With the help of Nereo Zane, I had joined the Gruppo Sportivo Voga Veneta in Mestre, and Nereo made sure that I received some training from his old friend Arturo.
At the time, I felt lucky to receive such expert coaching, but it wasn't until later that I realized just how big a blessing Maestro Morucchio's instruction was.
My week rowing with Arturo was filled with great experiences, but my favorite was the day when we rowed across the lagoon, into the city, under Tre Archi, down the Grand Canal, and under the Rialto Bridge.
In the years that followed, each time I went back to Venice we would row together.
We had a strange friendship in that Arturo spoke absolutely no English -- and my Italian was still very much in its "developing stages" (and still is).
Nevertheless, I did all I could to show my appreciation towards Arturo for all he'd taught me.
When Arturo lost his battle with cancer in May of 2007, a lot of people were left with great sadness...and even greater memories of the man.
I will never forget the first time I rowed under the Rialto Bridge with him.
Last month I found myself back in the Veneto, rowing on a GSVVM mascareta with Megan Sliger from Boston.
In her first week on the lagoon, Megan's rowing capabilities were miles ahead of where mine had been back in 2000.
We'd been out training the day before and I knew she was ready to make the journey.
Our lagoon crossing was just as I'd expected it to be: a sunny day, a light breeze, and motor boats of all types passing by at different speeds.
Jockeying around to avoid and compensate for the many passing boats is a good learning experience for a rower who's new to the lagoon, and good preparation for anyone about to enter the city under rowing power.
In addition to the motorized boats, several members of the GSVVM were out rowing on club boats. It was a nice surprise to run into Nereo Zane and his coach Antonino Zennaro out for a row on an orange and blue mascareta just like ours.
We reached the mouth of the Canale di Cannaregio, waited for the right opportunity, and charged in - travelling between passing water taxis.
Taxis, vaporetti, scafi and moto-topi make the Cannaregio one of the most trafficked passages in the city. We zoomed in and out of tight spots, got waved to, and honked at. When there was a break in traffic, we took the customary "Tre Archi photo", continued rowing, and entered the Grand Canal.
Traveling down the Grand Canal is an amazing experience for anyone. For gondola fanatics, rowing it can play out like a dream sequence.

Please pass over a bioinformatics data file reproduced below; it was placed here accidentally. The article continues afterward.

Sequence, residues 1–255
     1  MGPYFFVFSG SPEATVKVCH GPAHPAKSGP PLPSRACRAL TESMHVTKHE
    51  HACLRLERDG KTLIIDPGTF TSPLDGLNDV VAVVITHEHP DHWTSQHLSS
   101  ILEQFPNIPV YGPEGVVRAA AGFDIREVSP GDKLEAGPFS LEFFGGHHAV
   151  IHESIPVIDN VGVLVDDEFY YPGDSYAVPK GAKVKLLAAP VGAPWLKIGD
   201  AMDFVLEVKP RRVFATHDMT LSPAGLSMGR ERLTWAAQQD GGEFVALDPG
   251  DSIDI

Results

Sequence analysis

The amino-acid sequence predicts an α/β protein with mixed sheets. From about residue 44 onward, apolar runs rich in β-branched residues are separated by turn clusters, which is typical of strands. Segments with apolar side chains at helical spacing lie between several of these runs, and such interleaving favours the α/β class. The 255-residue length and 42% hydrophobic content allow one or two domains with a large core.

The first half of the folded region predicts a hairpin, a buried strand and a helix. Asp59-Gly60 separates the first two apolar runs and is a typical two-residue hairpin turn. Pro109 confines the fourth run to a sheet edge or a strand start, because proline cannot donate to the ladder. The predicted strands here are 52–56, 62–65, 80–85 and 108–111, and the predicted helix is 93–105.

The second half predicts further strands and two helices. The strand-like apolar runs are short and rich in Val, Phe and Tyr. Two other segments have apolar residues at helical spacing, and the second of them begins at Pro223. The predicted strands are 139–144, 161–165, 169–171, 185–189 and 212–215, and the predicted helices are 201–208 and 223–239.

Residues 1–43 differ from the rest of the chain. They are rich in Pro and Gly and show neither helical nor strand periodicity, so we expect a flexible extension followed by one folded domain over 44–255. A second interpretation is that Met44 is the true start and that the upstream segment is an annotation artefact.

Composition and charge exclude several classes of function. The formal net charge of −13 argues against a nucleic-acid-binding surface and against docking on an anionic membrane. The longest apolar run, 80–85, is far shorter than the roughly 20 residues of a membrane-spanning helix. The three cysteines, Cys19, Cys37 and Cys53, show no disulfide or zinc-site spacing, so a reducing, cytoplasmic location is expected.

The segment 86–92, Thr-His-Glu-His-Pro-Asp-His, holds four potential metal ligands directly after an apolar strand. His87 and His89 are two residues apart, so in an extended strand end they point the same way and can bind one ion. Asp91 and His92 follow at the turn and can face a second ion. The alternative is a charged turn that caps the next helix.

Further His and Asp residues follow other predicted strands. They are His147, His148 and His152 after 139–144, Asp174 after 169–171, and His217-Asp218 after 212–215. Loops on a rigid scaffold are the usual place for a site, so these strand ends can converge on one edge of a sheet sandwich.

It's all there: everything you've envisioned about being on the water in Venice is real, tangible, and passing by on both sides of your boat.
On a warm sunny day, all the palazzos are painted in sunshine, while shiny black gondolas (just like the one you row back home) are lined up by the dozen, bobbing with the waves of passing boats as the sun's reflection sparkles on the water.
Don't get me wrong: it's not all sunshine and sparkling water. There are big vaporetti, which regularly plow through, claiming their municipally-mandated right-of-way. But passing vaporetti can be fun; earlier in the day I told Megan about how, back in 2000 I was rowing one of the club gondolas with Arturo down the grand Canal, when a vaporetto pulled up alongside with at least twenty Japanese tourists snapping away with their cameras and rolling video tape. Arturo and I smiled and waved. They had no idea that one of the "Venetians" rowing was a guy from California.
As Megan and I rowed towards Rialto, a vaporetto chugged by, jammed full of American tourists, all snapping away with their digital cameras and talking about the two "Venetian rowers". Both of us busted out laughing; it was a classic moment.
From an American gondolier's perspective, the day could not have been more perfect.
It was the stuff of dreams, the kind of memory you fall back on when times are tough, and a story you wish you could pass on effectively - all the while knowing that it's one of those "you just had to be there" stories.
I won't be so bold as to compare myself with Maestro Arturo Morucchio, but it was an honor to introduce this great experience to someone else.
Passing under the Rialto.
In a way, passing on the dream he'd given to me so many years ago was both a way of "giving back" and reinforcing that connection I had with a dear friend who was gone but not forgotten.
And besides, it would be a shame not to share something so fantastic with those who would appreciate it so much.